"We describe two games in which online participants collaborated with mobile participants on the city streets. In the first, the players were online and professional performers were on the streets. The second reversed this relationship. Analysis of these experiences yields new insights into the nature of context. We show how context is more socially than technically constructed. We show how players exploited (and resolved conflicts between) multiple indications of context including GPS, GPS error, audio talk, ambient audio, timing, local knowledge and trust. We recommend not overly relying on GPS, extensively using audio, and extending interfaces to represent GPS error." From M.Flintham, R.Anastasi, S.Benford, T.Hummings, A.Crabtree, C.Greenhalgh, T.Rodden, N.Tandavanith, M.Adams, and J.Row-Farr (2003). Where on-line meets on the streets: experiences with mobile mixed reality games. In Proceedings of the conference on Human factors in computing systems, pages 569–576, Florida, USA. [via pasta and vinegar]
December 01, 2004
HERE, by Jason Wilson and the members of (N.I.N.E), is a pervasive game allowing 2-16 people to get to know better a city. Players get markers, chalk, sticky notes and 2 identical decks of 50 cards each.
Each team get their cards which come with a set of instructions to follow. The player who draws a BLANK CARD must invent the instruction for that round. The cards are all printed on sticker paper, and the players are encouraged to stick the action cards up in the locations as they're finished, that way, at some later date, a random pedestrian may end up being inspired toward detournement.
A new version of the game will be launched December 4th during the La Superette event and it will come with a copy of their own "community gaming map." By the look of the pictures, that game won't come too soon in my town.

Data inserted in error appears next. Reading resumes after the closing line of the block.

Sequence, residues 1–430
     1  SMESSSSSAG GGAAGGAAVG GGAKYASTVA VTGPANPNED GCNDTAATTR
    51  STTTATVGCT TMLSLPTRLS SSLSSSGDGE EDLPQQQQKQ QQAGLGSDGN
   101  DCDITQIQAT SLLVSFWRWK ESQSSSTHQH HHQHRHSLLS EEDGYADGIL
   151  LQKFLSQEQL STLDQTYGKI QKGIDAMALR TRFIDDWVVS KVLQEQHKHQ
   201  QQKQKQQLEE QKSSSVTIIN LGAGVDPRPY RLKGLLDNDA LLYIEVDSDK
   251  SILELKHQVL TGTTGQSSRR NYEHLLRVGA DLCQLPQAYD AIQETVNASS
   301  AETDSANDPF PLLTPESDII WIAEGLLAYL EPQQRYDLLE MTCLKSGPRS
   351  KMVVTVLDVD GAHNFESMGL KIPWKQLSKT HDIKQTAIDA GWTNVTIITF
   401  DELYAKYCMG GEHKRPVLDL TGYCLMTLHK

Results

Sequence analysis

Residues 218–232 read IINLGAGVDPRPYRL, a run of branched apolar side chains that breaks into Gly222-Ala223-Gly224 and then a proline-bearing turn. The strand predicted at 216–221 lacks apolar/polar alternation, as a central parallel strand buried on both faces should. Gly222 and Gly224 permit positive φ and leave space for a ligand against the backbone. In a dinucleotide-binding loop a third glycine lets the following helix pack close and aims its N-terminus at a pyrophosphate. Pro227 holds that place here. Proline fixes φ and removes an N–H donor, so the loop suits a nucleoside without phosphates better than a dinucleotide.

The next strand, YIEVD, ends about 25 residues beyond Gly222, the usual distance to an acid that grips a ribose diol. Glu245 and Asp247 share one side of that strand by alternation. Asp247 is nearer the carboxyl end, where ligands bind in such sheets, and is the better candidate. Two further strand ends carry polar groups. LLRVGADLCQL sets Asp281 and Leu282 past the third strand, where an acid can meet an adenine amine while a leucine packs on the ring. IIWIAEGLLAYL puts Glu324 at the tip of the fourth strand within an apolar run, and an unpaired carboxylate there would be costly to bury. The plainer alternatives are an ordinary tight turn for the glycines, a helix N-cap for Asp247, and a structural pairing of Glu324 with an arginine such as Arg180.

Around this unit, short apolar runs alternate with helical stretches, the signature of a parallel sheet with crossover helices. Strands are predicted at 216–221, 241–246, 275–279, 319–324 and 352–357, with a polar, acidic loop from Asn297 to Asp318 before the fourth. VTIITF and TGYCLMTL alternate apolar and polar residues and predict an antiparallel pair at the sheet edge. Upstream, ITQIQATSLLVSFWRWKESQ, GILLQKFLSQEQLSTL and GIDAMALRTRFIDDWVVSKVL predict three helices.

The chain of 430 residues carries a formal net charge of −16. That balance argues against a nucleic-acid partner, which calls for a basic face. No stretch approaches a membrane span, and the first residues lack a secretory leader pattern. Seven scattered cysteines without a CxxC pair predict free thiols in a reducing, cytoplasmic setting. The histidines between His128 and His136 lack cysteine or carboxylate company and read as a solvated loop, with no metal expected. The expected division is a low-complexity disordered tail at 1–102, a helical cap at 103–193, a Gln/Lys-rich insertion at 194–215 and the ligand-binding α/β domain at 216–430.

From near near future
November 09, 2004
Messa di voce
Can't stop the fun with those walls
A computer equipped with a video camera tracks the position of visitors’ heads and analyzes the sounds they make. As a reaction to it, various graphic compositions are projected onto a screen. With the help of a tracking system, these visualizations can be shown in a way that makes them seem to be emanating from the mouths of the people themselves. (via inspired by angermann)
More recently, I heard about two other creations that allow people to play with walls:
Greg Roberts' PlayMotion! combines computer vision algorithms and videogame graphics techniques to turn ordinary walls, floors, and ceilings into virtual playgrounds.
Thanks to Bill Read for the tip.
Bloomberg ICE space in Tokyo observes the visitors and continually computes its appearance in accordance with their behaviour. In stand-by mode, the icicle displays columns of numbers. Depending on the current share prices, they expand on the LED display or they shrink and disappear altogether.
But when a visitor approaches the glass wall, infrared sensors detect her/his presence and ask her/him to participate. The columns of numbers begin to flutter and fluctuate; a menu appears and offers various games - electronic volleyball, a wave generator or a digital harp, for example. The icicle can be used to play music synesthetically in that the sounds played are replicated on it in the form of brightly lit, colorful tree branches.
Location-based mobile phone games
IN-duce published a list for mobile phone games using GPS or cell towers signals, there's also a lists of other location based (or augmented reality) mobile games.
October 22, 2004
We'd like to invite you all to receive exclusive reports of GilbertandGrape's whereabouts at the Rogaland Kunstsenter, Norway and the Vlepo Gallery, NY. The performance can also be partly viewed online. GilbertandGrape will be staked out in a red phone kiosk by the pier on the west coast of Norway between 5pm and 7pm on October 25th, 2004. GilbertandGrape will call the Rogaland Kunstsenter from the phone kiosk every 15 minutes and upload a photograph from this moment to their website.
Kiosk Correspondance is a sub plot of the GilbertandGrape performance Lone Ranging Romance. Between 2004 and 2008 GilbertandGrape and their lone ranger, a 20 kilo stuffed moose head, will travel the coasts of England and Norway in a Volvo Amazon to search out and collect stories from people with an interest in nostalgia, document vague memories, exchange taped music that has romantic significance, and at the end of the day watch the sun set together with the people we've met. For more information on Lone Ranging Romance see our website. Love and Scandal, GilbertandGrape
October 21, 2004
Social tech is performative
"...Malleable Mobile Music system is my idea of truly social (i.e. performative) mobile tech.